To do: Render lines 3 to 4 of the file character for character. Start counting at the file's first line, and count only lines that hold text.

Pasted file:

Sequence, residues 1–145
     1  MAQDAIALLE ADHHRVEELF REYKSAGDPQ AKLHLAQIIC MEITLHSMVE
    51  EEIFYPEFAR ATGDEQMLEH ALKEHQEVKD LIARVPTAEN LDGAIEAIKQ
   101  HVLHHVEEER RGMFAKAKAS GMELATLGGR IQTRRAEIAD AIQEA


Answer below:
    51  EEIFYPEFAR ATGDEQMLEH ALKEHQEVKD LIARVPTAEN LDGAIEAIKQ
   101  HVLHHVEEER RGMFAKAKAS GMELATLGGR IQTRRAEIAD AIQEA